June, 2013. Missy was one of 50 dogs confiscated from a hoarder in southern Indiana. She was very scared and shy at the shelter and needed work on several issues before she could be made available for adoption.
At first her tail stayed glued to her belly and she would low crawl toward you to sit in your lap. She was fearful of doors and sudden sounds or movement and would bark if left alone in her crate.
The first issue to resolve was housetraining. Despite a lot of time spent outside with her, she ended up peeing under our kitchen table the first day. So we went on a strict schedule of going outside until she peed. If she didn't, then she had to go back into her crate for a couple more hours. After our adventures with Zorro the crate was fully loaded with cow bones, antlers and toys and she was content there as long as I was in the room with her.
I finally had to resort to some verbal corrections to get her to stop barking when left alone. She would still whimper. We kept her crate in the computer room, so if she started whimpering at night I had to come lay by her cage to settle her down. Since we kept her in her crate overnight for the first week, I ended up sleeping a lot on the floor.
For the first five days Missy would only pee twice a day. Eventually she started peeing whenever you took her outside. After a week from the initial accident she appeared to be housetrained and we started giving her more free access to the whole house.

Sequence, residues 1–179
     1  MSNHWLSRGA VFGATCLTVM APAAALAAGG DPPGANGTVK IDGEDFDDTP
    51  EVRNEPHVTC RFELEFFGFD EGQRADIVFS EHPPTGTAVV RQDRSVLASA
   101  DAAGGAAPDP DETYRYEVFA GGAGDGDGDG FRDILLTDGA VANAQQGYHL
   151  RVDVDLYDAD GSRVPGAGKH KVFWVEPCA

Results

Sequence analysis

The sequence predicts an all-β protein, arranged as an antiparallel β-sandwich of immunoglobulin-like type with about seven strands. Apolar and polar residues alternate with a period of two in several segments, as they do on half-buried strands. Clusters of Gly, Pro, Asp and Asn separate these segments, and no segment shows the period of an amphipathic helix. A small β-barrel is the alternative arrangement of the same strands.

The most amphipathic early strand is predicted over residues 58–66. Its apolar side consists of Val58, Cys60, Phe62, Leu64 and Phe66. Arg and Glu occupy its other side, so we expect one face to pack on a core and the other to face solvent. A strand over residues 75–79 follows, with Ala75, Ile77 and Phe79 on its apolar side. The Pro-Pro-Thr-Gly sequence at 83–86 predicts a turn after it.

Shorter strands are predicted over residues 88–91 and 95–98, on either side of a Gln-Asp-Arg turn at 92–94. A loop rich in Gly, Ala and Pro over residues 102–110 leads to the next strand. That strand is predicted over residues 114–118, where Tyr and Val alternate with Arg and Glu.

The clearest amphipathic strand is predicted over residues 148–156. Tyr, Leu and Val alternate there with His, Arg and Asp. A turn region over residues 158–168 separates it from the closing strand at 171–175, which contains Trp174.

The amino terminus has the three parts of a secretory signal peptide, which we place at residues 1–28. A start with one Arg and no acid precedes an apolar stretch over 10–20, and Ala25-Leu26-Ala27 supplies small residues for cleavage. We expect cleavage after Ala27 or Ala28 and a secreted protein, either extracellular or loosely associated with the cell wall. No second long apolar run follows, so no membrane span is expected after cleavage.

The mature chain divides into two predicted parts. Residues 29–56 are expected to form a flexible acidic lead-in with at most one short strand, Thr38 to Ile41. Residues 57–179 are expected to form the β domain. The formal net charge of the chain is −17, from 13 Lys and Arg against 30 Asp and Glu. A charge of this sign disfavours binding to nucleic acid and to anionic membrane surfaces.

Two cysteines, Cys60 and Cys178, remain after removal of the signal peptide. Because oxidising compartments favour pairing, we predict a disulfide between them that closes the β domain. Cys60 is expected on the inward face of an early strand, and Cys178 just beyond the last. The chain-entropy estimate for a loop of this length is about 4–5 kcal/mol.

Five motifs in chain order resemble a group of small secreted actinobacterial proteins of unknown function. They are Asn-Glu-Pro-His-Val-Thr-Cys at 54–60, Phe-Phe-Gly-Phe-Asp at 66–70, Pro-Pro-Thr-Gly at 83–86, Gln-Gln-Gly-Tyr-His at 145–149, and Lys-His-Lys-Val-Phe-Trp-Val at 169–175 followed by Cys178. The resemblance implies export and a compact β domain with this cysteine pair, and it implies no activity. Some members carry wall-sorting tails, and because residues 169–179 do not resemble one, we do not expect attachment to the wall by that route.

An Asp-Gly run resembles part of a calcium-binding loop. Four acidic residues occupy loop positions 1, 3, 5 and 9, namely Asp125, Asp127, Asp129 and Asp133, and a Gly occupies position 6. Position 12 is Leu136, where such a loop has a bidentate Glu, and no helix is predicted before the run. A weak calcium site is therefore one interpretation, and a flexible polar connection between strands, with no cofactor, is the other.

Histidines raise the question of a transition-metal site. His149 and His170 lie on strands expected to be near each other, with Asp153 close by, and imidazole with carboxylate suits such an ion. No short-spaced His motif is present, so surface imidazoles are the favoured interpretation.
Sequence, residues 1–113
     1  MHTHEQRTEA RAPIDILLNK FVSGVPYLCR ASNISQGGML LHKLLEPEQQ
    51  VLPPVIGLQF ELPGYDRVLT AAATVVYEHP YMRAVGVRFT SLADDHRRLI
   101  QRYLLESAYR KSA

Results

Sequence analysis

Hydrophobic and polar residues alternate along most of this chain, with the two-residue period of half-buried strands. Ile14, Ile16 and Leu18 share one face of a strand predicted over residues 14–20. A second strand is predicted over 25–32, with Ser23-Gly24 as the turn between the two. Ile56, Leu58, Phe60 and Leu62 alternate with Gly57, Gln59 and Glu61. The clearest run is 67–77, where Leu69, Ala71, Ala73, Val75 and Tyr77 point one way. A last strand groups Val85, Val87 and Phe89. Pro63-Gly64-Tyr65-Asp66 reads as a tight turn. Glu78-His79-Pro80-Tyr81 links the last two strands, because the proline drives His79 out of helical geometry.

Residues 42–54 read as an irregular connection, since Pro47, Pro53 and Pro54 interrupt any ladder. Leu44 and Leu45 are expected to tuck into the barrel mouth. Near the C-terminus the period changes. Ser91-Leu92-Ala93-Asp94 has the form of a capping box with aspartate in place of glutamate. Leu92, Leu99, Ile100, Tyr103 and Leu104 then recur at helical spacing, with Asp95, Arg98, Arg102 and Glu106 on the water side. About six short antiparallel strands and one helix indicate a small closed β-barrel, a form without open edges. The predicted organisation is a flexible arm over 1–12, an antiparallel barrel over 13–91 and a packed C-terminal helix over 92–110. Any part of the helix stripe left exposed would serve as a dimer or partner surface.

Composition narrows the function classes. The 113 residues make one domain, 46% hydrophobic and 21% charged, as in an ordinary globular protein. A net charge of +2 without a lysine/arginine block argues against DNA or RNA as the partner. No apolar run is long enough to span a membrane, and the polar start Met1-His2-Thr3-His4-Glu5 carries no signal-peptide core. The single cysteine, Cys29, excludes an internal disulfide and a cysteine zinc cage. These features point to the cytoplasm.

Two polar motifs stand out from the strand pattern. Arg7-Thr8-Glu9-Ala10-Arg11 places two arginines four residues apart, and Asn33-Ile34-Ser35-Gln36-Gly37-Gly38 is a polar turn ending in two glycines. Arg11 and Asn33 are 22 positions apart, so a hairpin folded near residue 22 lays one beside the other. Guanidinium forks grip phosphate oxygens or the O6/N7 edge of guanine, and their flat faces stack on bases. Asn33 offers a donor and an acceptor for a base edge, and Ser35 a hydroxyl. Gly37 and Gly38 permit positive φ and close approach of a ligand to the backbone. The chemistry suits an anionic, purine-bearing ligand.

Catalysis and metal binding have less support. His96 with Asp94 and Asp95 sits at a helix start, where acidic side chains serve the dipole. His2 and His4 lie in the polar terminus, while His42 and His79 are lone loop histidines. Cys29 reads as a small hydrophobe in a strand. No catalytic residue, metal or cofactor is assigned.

After a few days I started taking Missy and Boomer to the shelter so she could learn to be more comfortable there. The first day I had to carry her through the front doors. The second day it took about a minute with a pull on the leash. The third day took about 20 seconds with a pull. By the fourth day she would follow after Boomer on her own and was starting to get use to the sights and sounds of the shelter. Eventually she even started jumping up into the car each day.
It took about ten days before she started taking treats from strangers and a few more before she was comfortable having volunteers pet her.
Missy got along well with Boomer, but bonded and oriented much more strongly toward me. She did pretty well on our walks from the start. Missy was always curious and only occasionally spooked by sudden sounds outside. As time went by the sounds that used to scare her now only warranted a long stare.
When we encountered five loud kids on a walk I had them all sit down. Missy crawled forward and climbing into one of the boys laps and let the other kids pet her. Something about having new people sit on the ground really helped to make them seem less scary to her.
She developed a cough so she had to take meds for two weeks, during which time she also got spayed.
After two weeks with us she was pretty much your normal housedog who looking forward to her daily walk and trip in the car, but was still shy of new people and places. It was nice to have a foster that I could trust off leash in the front yard, since her recall was very strong from day one.
Missy reminded us of a cross between our first dog Hummer and his buddy Spirit, a Golden Retriever. So we sometimes called Missy a “Hum Spirit.”
After three weeks our little sweetie was ready for adoption and was immediately adopted by a couple who thought Missy reminded them of their previous Golden Retriever. They reported that Missy, now called “Mia Smiles” was doing well and enjoyed going on boat rides. Apparently the open waves were less scary than the dreaded one inch of bath water.